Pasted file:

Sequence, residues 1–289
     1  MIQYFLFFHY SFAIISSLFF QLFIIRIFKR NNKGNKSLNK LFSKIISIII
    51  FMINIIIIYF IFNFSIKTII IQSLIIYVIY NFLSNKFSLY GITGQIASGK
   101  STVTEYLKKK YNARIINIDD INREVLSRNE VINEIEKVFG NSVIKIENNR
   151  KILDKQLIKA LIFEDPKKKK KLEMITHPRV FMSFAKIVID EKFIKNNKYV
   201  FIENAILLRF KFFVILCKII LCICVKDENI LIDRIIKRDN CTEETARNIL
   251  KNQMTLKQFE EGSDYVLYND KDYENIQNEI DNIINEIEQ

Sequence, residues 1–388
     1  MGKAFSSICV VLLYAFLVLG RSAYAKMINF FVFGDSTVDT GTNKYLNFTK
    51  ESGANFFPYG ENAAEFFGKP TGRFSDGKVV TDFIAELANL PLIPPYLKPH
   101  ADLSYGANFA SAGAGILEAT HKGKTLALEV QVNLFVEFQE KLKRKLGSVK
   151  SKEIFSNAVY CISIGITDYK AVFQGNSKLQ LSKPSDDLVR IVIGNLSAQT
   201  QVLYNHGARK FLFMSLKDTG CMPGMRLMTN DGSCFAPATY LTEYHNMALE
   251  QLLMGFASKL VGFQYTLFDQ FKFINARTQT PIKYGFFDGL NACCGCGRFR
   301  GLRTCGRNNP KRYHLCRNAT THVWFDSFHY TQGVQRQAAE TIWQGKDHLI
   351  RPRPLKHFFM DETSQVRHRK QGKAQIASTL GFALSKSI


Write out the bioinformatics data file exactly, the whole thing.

Sequence, residues 1–289
     1  MIQYFLFFHY SFAIISSLFF QLFIIRIFKR NNKGNKSLNK LFSKIISIII
    51  FMINIIIIYF IFNFSIKTII IQSLIIYVIY NFLSNKFSLY GITGQIASGK
   101  STVTEYLKKK YNARIINIDD INREVLSRNE VINEIEKVFG NSVIKIENNR
   151  KILDKQLIKA LIFEDPKKKK KLEMITHPRV FMSFAKIVID EKFIKNNKYV
   201  FIENAILLRF KFFVILCKII LCICVKDENI LIDRIIKRDN CTEETARNIL
   251  KNQMTLKQFE EGSDYVLYND KDYENIQNEI DNIINEIEQ

Sequence, residues 1–388
     1  MGKAFSSICV VLLYAFLVLG RSAYAKMINF FVFGDSTVDT GTNKYLNFTK
    51  ESGANFFPYG ENAAEFFGKP TGRFSDGKVV TDFIAELANL PLIPPYLKPH
   101  ADLSYGANFA SAGAGILEAT HKGKTLALEV QVNLFVEFQE KLKRKLGSVK
   151  SKEIFSNAVY CISIGITDYK AVFQGNSKLQ LSKPSDDLVR IVIGNLSAQT
   201  QVLYNHGARK FLFMSLKDTG CMPGMRLMTN DGSCFAPATY LTEYHNMALE
   251  QLLMGFASKL VGFQYTLFDQ FKFINARTQT PIKYGFFDGL NACCGCGRFR
   301  GLRTCGRNNP KRYHLCRNAT THVWFDSFHY TQGVQRQAAE TIWQGKDHLI
   351  RPRPLKHFFM DETSQVRHRK QGKAQIASTL GFALSKSI